Volunteering leads three-book series

Douglas Derrer read his book — merely a manuscript — to Lisa Pitcher's fifth grade class at the now-closed Seabeck Elementary School seven years ago.

Now he's reading the recently self-published children's novel, "Pirate Peril: The First Voyage," to Pitcher's fifth graders at Cougar Valley Elementary School.

Wednesday he will read the finished book for everyone.

Derrer and teachers say if it hadn't been for the students' comments and questions to his working drafts over the years, the book could have turned out different. It probably wouldn't have even turned into a series of three books.

The first class of fifth graders Derrer read to are now seniors in high school and they as well as the other students he has read to over the years will join Derrer in celebrating the publication of the first book in the series of a boy's adventures with pirates and princesses as he faces the end of the world.

The book reading and signing event will begin at 6 p.m. in the gym of Cougar Valley Elementary School in Silverdale.

"It's pretty amazing what happens when you put things out there," said Derrer, 71, last week at Cougar Valley where he still continues to volunteer and read in Pitcher's class as well as other classes at the school and at Green Mountain Elementary School.

"They give me good feedback. They give me great ideas," he said of the students'comments to his writing.

Mike Jones, the protagonist of the book is based on and named after his wife's son. Derrer said he originally wrote Mike killing off a pirate that is the villain of the story and had no intention to bring the pirate back. The idea of bringing the pirate back came from a student who was unhappy with the pirate's death and lead to Derrer turning the book into a three-book series.

Neither Derrer nor Pitcher knew what would happen when he first decided to read his work to her students.

"I had no idea at the very beginning how much interaction there would be," said Pitcher. "It made writing come to life."

Derrer's writing first came to life when he was isolated with nothing to do on the island of Adak in the Bering Sea.

He left his post as a psychologist at Naval Hospital Oakland in 1995, which was about to close, and transferred to Adak — a small community of 500. His bosses told him everyone there would be depressed.

"Everyone was fine. I had nothing to do," said Derrer. "So, instead of turning into an alcoholic or going crazy, I wrote."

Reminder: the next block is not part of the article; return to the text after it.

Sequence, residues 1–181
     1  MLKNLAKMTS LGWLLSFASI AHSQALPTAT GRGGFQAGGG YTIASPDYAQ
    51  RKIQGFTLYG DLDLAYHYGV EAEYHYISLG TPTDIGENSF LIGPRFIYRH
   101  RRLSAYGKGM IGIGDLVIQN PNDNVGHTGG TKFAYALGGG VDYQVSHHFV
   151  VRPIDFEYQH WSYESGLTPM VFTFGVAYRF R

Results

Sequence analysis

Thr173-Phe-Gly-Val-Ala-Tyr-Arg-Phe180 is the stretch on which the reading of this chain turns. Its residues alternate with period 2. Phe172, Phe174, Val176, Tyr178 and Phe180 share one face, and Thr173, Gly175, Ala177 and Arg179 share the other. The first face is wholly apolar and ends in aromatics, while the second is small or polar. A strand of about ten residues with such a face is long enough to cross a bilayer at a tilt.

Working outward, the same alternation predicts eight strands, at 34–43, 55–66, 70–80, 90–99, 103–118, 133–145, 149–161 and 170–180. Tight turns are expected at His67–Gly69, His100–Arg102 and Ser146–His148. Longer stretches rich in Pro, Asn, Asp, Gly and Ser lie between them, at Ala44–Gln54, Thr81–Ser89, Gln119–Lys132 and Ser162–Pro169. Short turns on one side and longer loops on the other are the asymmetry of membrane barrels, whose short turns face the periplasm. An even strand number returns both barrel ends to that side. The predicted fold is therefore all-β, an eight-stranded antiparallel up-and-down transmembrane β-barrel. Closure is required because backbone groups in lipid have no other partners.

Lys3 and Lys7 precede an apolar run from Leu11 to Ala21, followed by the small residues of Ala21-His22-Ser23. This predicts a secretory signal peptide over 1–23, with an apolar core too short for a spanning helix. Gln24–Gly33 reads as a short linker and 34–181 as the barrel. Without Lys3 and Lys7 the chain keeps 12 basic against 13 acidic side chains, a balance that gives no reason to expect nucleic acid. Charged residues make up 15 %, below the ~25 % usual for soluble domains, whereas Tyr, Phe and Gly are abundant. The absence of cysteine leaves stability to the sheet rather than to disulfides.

Derrer has always enjoyed writing but his past published work had been on the technical side including a book on terrorism with the U.S. Naval Institute. With nonfiction, he's able to let his imagination roam. He also enjoys the writing and editing process, which he shares with the students.

Since 1999, Derrer has been living near Lake Symington in Central Kitsap and retired from Naval Hospital Bremerton in 2001. After retirement, he wanted to spend his time helping children in the classroom so he started out as a volunteer in Pitcher's class, tutoring fifth graders in math and writing.

Soon he was bringing in his own writing and read them aloud as examples.

"The first hand experience of seeing Mr. Derrer write a novel in front of my students is more than any lesson I could teach," said Pitcher.

Austin Esser, now in sixth grade at Cougar Valley who was in Pitcher's class last year, said Derrer explained the writing process to them as well as the events in a hero's journey.

The 12-year-old said he likes "Pirate Peril" because of the good use of vocabulary and transitions. For many students, they said the actual story keeps them wanting more.

"After school, I'd constantly think about what the next chapter could be," said Erik Cleven, 11.

Derrer said that the book is not a pirate story but rather a coming-of-age story of Mike Jones. The boy faces real challenges and dilemmas, he said.

"It's really fun. There's a whole bunch of details and he describes the characters well," said Thora Berg, 11. Berg and Cleven were also in Pitcher's class last year.

The second book is being edited by Derrer's editor in Seattle and he will continue reading versions of it to students in the classroom.

Pictures that students have drawn from scenes of the story or characters in the book have been compiled on the book's website — — as well.

Pitcher said including her fifth graders this year, Derrer has read to about 175 of her students since he first started at Seabeck Elementary.

"I never envisioned anything like this," Derrer said.

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